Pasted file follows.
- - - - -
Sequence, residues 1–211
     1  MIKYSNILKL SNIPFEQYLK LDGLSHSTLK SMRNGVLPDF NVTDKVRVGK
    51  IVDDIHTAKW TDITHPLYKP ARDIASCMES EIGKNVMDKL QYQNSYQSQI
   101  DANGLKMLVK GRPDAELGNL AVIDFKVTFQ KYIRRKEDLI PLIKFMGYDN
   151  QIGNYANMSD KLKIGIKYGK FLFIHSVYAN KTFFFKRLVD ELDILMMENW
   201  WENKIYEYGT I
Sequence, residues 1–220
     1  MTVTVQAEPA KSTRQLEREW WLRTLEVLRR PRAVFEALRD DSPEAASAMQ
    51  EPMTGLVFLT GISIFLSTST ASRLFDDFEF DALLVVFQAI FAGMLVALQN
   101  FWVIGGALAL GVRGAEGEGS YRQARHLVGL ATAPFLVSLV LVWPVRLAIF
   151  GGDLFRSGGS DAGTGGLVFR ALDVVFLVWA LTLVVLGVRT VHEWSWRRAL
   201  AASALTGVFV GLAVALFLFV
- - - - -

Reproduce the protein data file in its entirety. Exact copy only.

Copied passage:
Sequence, residues 1–211
     1  MIKYSNILKL SNIPFEQYLK LDGLSHSTLK SMRNGVLPDF NVTDKVRVGK
    51  IVDDIHTAKW TDITHPLYKP ARDIASCMES EIGKNVMDKL QYQNSYQSQI
   101  DANGLKMLVK GRPDAELGNL AVIDFKVTFQ KYIRRKEDLI PLIKFMGYDN
   151  QIGNYANMSD KLKIGIKYGK FLFIHSVYAN KTFFFKRLVD ELDILMMENW
   201  WENKIYEYGT I
Sequence, residues 1–220
     1  MTVTVQAEPA KSTRQLEREW WLRTLEVLRR PRAVFEALRD DSPEAASAMQ
    51  EPMTGLVFLT GISIFLSTST ASRLFDDFEF DALLVVFQAI FAGMLVALQN
   101  FWVIGGALAL GVRGAEGEGS YRQARHLVGL ATAPFLVSLV LVWPVRLAIF
   151  GGDLFRSGGS DAGTGGLVFR ALDVVFLVWA LTLVVLGVRT VHEWSWRRAL
   201  AASALTGVFV GLAVALFLFV